All the family can join in Yummy Mummy Week by doing the sponsored walk which starts at Cunningsburgh Hall tomorrow at 11am.

Depending on the weather it will last around half an hour, and will be followed by playtime in the hall, cakes, tea and coffee. There will also be a sale of beauty products, with all the profits going to the charity. The event will finish at 1pm.

Anybody and everybody is welcome, so just go along and join in. It is hard to think of a charity more worthy of support.

For further information call Cheryl Kumar on (01950) 477440. To find out more about the Yummy Mummy campaign visit

Family fun day

Clever Parenting is running a fun day at Cunningsburgh Hall on Sunday from 11am-3.30pm, and is eager to invite every member of the family, whatever their age, to come along.

Up and running for almost a year now, Clever Parenting puts mother and fathers in touch with whatever agency can best address their needs, with a view to helping them to function better and more happily as a family.

Advice given is on a whole range of topics from finance and mediation to how to approach the teenage years.

On Sunday there will be craft making for the bairns, and baby massage, as well as lots of advice about all aspects of parenting. Various groups will be represented, and there will be information tables on topics such as health and alternative therapies. Tea and coffee will be available and folk will be taught how to conceal at least one of the dreaded five-a-day in delicious pizzas, which will then be eaten for lunch.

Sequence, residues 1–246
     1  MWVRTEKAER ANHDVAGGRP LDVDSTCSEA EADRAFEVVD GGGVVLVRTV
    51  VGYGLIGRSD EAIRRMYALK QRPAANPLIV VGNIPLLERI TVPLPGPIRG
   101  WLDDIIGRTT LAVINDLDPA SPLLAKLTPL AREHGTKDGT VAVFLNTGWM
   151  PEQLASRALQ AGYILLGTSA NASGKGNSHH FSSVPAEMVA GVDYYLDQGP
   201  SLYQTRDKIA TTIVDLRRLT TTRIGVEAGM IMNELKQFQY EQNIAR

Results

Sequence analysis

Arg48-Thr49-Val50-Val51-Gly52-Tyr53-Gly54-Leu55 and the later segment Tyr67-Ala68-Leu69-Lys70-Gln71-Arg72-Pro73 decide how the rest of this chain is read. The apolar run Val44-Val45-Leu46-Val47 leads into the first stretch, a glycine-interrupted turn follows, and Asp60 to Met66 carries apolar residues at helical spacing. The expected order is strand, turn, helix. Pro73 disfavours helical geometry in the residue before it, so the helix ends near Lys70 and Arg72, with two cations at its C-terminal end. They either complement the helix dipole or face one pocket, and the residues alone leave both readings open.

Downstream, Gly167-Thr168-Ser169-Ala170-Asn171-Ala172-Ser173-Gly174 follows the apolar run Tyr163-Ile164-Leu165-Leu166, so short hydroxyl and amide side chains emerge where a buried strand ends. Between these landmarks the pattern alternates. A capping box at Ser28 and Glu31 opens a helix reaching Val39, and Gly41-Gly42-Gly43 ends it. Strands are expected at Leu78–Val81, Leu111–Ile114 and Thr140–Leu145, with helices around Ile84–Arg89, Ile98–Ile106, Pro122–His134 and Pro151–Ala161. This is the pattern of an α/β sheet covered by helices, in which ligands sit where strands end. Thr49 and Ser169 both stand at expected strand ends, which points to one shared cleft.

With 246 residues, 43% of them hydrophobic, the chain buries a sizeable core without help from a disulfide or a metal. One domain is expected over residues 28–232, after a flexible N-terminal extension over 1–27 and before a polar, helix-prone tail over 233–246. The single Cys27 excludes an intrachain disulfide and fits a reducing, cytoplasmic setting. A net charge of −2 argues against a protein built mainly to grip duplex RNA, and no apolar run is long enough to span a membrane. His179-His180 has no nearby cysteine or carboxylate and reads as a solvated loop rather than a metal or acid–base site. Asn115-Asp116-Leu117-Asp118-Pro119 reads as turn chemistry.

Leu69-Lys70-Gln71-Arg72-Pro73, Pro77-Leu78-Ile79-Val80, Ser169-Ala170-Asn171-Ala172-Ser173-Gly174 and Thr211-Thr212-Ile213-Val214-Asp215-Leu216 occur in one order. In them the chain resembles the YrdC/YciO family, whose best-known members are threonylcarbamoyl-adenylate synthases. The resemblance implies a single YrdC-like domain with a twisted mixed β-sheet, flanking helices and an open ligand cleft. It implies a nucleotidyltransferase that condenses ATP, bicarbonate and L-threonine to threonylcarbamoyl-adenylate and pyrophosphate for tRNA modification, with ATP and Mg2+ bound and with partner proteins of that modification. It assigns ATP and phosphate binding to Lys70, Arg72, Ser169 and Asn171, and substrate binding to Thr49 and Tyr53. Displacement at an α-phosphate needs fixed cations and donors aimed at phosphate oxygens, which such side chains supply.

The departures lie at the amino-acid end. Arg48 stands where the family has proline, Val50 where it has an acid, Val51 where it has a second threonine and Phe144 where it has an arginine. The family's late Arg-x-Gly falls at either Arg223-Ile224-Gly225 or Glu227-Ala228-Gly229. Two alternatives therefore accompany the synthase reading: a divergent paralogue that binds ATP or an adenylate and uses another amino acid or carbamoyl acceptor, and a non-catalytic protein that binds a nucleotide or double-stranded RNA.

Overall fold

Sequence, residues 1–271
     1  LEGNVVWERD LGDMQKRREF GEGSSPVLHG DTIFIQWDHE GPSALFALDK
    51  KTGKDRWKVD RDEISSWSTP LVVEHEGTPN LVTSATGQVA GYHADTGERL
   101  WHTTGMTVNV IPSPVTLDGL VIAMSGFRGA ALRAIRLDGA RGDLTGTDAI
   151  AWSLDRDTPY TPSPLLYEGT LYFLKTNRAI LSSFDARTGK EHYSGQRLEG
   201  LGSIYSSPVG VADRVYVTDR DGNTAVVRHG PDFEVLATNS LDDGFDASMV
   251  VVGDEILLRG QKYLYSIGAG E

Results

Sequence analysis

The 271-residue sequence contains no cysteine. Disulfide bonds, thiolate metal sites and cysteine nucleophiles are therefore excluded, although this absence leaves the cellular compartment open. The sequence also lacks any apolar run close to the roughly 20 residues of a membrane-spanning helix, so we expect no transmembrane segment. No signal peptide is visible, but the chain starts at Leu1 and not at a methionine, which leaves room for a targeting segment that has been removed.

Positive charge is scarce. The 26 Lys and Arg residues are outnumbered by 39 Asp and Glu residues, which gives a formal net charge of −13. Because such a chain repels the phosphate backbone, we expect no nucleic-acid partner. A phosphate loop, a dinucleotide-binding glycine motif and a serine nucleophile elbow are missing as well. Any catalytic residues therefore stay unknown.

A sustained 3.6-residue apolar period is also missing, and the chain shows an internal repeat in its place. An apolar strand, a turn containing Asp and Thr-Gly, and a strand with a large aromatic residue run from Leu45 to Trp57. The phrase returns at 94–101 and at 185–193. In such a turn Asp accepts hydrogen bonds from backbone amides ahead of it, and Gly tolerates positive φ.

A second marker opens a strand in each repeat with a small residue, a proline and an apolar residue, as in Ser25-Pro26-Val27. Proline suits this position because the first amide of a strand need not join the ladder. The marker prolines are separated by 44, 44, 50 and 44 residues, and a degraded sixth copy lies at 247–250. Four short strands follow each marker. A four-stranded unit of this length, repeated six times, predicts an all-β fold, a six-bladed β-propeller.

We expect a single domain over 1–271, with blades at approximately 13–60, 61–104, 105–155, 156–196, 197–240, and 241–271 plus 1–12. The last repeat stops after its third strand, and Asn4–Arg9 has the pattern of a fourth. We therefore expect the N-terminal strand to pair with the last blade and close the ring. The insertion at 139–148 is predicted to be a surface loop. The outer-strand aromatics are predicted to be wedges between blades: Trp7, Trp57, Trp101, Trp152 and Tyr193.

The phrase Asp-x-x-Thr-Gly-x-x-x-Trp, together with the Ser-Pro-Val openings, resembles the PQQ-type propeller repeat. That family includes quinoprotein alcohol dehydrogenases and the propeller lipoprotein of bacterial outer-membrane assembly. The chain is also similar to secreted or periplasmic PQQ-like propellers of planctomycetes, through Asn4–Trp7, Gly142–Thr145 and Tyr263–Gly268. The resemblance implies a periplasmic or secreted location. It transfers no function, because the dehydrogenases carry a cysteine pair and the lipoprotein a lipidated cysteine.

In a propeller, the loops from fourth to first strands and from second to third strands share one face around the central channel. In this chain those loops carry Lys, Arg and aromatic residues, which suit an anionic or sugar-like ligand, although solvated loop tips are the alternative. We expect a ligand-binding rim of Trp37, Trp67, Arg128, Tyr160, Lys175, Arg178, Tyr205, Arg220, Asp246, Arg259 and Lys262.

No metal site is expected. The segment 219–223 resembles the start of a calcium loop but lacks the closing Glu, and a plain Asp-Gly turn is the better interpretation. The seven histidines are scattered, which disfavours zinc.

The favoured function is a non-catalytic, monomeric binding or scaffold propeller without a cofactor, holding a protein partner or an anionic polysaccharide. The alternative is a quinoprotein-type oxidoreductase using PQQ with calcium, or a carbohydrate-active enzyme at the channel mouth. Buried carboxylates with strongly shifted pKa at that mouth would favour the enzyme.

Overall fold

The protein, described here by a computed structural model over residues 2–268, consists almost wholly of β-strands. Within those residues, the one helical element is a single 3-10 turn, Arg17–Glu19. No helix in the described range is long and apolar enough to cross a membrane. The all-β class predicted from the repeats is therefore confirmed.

The event is free, and all kids who take part will get a voucher for a free swim at Sandwick Leisure Centre. A lot of fun is guaranteed, and it will also be a good chance for folk to get together and compare experiences.

Clever Parenting wants families to know that help and support are on offer, and that they can provide a means to access it. In the future there are plans to run parenting workshops. For further information call (01595) 743893.

Up-Helly-A’ meeting

There’s only a week to go until the first South Mainland Up-Helly-A’, and all squads are required to be represented at the meeting which will take place in Cunningsburgh Hall this evening. There will be a marshals’ meeting at 7pm and the mass meeting is at 8pm.

Sandwick sessions

The new, regular music sessions at Sandwick Social Club have attracted a large number of people and are proving immensely popular. Tonight’s session starts at 8pm.

“The last two have been really good,” says organiser Richard Wemyss. “All are welcome to come along, either to play or to listen.”

Cathy Feeny